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65 Reviews

The Elder Scrolls V: Skyrim

Dragon master

Page 4 of 4

This also works with your horse, and any companions you have following you. In fact, we have our horse to thank for most of our dragon kills - he actually attacks the dragon, and never seems to die, no matter how many times he's set on fire. As it begins to dawn on you how dense the dragons are, some of the drama gets lost - but you'll still feel a spasm of delight every time you bag one.

The aforementioned horse 'glitch' points towards a wider problem in Skyrim: as amazing as the world is, it's plagued by tiny niggles and weird AI. It's certainly not on the same level as Oblivion and Fallout 3, whose technical shortcomings have become notorious, but it's still mildly disappointing.

More than once, characters we were supposed to meet somewhere wouldn't turn up at the agreed location. We'd go back to where we initially met them, and they'd be stuck behind scenery. Then, there's the fact that some dungeons have traps, like jets of fire that burst out of the floor, and your companions will blindly run into them. Others: if you talk to a character on a stairway, they'll inexplicably bob up and down - and occasionally the game will pause completely for a few seconds.

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But when you consider how much Skyrim has to offer, you can forgive its technical shortcomings. Oblivion and Fallout's glitches would actually hamper your progress. In Skyrim, mercifully, they're only a minor distraction.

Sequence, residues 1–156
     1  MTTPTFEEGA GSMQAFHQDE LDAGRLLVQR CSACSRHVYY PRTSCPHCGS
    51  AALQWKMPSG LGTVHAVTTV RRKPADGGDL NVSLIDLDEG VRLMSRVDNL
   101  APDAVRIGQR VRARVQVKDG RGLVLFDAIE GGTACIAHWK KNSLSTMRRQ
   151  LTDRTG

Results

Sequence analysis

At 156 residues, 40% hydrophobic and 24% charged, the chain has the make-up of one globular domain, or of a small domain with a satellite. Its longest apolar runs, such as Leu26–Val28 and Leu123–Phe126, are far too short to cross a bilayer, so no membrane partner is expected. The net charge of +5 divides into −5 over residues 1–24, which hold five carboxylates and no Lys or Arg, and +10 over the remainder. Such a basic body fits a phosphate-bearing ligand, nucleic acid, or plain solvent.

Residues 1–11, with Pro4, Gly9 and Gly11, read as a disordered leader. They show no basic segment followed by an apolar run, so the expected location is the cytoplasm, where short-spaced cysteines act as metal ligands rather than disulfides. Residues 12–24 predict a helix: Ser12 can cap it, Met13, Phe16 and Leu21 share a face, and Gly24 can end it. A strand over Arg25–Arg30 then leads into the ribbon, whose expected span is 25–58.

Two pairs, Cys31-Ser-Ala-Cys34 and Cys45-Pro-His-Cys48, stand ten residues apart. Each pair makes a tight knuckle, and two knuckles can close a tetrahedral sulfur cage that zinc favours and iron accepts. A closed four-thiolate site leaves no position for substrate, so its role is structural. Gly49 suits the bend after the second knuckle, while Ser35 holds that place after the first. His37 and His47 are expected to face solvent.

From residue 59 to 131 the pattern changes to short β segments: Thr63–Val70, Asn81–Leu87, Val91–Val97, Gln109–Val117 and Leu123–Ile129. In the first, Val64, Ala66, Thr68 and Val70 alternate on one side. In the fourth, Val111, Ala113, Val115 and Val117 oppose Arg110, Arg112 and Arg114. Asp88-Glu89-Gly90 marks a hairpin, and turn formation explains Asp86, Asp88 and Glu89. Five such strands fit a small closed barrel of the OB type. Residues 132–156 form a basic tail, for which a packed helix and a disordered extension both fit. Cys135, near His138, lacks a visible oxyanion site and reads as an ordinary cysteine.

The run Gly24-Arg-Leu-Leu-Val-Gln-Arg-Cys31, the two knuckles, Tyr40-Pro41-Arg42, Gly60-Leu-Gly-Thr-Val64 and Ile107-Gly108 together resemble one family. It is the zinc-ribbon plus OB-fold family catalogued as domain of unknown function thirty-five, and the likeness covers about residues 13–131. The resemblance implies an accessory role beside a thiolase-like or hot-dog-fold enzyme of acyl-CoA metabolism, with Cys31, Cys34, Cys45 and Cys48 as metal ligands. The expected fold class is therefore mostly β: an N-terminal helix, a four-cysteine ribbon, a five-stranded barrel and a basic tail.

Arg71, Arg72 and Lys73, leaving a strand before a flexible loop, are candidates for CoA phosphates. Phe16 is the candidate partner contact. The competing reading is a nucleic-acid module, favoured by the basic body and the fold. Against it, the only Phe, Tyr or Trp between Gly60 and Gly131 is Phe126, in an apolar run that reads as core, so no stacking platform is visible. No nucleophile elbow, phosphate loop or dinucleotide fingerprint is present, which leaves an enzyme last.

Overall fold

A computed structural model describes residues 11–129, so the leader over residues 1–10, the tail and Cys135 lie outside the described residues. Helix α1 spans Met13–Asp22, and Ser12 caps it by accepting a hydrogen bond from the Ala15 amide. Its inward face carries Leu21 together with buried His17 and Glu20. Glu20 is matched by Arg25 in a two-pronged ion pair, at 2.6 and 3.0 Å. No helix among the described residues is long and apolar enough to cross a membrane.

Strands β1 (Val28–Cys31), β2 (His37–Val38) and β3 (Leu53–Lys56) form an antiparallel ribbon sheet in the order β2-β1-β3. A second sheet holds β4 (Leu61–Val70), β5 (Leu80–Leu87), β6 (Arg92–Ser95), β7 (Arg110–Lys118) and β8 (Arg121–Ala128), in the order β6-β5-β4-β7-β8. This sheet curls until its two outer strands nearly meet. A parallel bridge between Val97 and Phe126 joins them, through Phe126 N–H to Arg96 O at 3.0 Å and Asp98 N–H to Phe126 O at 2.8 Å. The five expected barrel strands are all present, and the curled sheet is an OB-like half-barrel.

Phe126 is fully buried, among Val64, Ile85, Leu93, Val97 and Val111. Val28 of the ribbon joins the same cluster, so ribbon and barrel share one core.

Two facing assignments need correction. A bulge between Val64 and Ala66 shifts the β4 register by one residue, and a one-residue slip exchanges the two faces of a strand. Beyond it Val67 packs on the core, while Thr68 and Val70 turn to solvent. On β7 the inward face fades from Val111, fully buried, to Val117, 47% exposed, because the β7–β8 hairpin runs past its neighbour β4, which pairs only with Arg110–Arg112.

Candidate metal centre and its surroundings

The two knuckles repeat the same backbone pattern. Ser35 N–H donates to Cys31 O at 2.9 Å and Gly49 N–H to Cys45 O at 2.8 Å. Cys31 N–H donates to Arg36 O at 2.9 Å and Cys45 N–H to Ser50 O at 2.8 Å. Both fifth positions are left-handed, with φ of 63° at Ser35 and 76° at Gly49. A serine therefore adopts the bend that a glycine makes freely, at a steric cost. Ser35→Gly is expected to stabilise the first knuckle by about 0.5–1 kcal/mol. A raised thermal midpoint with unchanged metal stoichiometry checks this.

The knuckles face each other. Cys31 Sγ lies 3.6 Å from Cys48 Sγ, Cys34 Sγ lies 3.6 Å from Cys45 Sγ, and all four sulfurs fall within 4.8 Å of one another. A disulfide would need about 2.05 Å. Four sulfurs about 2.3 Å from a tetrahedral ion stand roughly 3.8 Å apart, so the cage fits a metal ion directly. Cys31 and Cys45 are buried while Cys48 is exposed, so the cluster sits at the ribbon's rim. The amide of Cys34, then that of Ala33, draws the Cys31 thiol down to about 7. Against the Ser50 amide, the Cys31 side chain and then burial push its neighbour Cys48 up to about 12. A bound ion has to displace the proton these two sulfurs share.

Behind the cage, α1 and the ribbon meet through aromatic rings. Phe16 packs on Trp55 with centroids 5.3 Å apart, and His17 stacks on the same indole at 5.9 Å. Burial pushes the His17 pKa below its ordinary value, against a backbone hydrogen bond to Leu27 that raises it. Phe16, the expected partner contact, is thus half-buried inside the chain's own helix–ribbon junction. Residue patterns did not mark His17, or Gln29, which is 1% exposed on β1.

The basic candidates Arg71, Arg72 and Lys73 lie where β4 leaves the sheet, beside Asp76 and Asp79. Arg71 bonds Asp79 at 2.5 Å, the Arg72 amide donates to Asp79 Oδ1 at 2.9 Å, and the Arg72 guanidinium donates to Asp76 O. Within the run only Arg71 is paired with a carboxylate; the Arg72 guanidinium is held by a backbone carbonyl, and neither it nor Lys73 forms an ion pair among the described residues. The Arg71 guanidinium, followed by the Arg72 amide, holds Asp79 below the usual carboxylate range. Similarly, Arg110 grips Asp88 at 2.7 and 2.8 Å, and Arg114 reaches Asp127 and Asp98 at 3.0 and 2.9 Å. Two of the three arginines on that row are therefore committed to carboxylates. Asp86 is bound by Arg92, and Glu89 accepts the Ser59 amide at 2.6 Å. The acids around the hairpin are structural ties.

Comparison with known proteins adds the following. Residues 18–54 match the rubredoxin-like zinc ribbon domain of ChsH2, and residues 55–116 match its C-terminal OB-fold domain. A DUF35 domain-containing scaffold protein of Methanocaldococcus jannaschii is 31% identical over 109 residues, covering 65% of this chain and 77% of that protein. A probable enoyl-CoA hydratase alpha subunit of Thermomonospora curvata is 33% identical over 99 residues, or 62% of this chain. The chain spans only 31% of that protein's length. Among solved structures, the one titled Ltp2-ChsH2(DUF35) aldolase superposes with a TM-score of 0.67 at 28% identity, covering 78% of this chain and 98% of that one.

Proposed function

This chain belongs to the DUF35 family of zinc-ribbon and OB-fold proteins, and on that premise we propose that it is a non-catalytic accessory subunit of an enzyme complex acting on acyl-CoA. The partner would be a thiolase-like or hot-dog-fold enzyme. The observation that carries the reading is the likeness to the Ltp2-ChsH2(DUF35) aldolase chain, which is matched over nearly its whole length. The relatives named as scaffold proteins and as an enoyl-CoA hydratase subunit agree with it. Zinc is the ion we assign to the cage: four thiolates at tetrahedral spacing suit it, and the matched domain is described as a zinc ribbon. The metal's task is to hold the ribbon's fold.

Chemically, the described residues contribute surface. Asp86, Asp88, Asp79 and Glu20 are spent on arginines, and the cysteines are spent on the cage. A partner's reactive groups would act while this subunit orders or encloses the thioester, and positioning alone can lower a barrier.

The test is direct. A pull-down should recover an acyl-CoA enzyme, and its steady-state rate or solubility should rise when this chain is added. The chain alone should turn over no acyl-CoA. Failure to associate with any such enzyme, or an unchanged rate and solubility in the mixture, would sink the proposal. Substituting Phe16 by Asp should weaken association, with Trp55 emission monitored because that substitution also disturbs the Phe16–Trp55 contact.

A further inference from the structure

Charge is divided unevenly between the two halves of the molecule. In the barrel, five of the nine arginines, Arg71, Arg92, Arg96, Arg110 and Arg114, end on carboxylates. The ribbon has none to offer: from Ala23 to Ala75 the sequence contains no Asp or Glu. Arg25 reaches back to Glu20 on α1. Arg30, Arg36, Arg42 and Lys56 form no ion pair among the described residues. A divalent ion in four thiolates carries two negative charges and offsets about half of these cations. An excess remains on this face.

Two thousand words in, and there's so much we haven't mentioned. We haven't mentioned the fact that you can hunt animals and take jobs like chopping wood or mining. We haven't talked about how you can take over entire cities. We haven't talked about the fact that every skill has its own set of Fallout-style perks. Hell, you can even get married. There's just so much stuff, and the discovery is half the fun.

If you're an Elder Scrolls veteran, you'll already know what you're in for. This is not the next evolutionary stage of the series: rather a loving refinement of what made Oblivion and the now-aged PC title Morrowind so special. It's those games with better voice acting, a slicker interface, a richer world and an improved story. It's also the most polished and user friendly games in the series, with smarter character progression and a gentler learning curve.

But, more than any of those things, it's an adventure; an escape into a compelling world of myth and magic - and it's the biggest, deepest RPG of the generation.

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The verdict

A vast, open world overflowing with excitement, danger, mystery and humour. Truly, a generation-defining RPG.

  • An immense world bursting with quests and secrets
  • Feels like an adventure
  • Fixes most of Oblivion's biggest problems
  • Minor glitches and unpredictable AI
  • Confusing loot system
  • Dragon battles are too easy to exploit
9.5
Format
Xbox 360
Developer
Bethesda Softworks
Publisher
Bethesda Softworks
Genre
RPG

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